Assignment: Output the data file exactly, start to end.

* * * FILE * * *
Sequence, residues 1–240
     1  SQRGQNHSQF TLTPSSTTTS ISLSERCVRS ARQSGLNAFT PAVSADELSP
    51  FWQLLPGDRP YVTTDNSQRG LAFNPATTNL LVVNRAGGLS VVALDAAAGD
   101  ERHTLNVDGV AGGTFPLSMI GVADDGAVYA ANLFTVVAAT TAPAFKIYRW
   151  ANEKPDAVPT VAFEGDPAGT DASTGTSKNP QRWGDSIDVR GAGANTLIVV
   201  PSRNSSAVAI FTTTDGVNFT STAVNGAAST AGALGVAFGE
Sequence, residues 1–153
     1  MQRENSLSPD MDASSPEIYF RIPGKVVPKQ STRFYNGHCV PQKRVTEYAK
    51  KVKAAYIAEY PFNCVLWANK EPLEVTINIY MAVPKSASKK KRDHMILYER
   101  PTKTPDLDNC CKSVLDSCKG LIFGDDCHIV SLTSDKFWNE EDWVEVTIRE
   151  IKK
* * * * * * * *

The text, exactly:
Sequence, residues 1–240
     1  SQRGQNHSQF TLTPSSTTTS ISLSERCVRS ARQSGLNAFT PAVSADELSP
    51  FWQLLPGDRP YVTTDNSQRG LAFNPATTNL LVVNRAGGLS VVALDAAAGD
   101  ERHTLNVDGV AGGTFPLSMI GVADDGAVYA ANLFTVVAAT TAPAFKIYRW
   151  ANEKPDAVPT VAFEGDPAGT DASTGTSKNP QRWGDSIDVR GAGANTLIVV
   201  PSRNSSAVAI FTTTDGVNFT STAVNGAAST AGALGVAFGE
Sequence, residues 1–153
     1  MQRENSLSPD MDASSPEIYF RIPGKVVPKQ STRFYNGHCV PQKRVTEYAK
    51  KVKAAYIAEY PFNCVLWANK EPLEVTINIY MAVPKSASKK KRDHMILYER
   101  PTKTPDLDNC CKSVLDSCKG LIFGDDCHIV SLTSDKFWNE EDWVEVTIRE
   151  IKK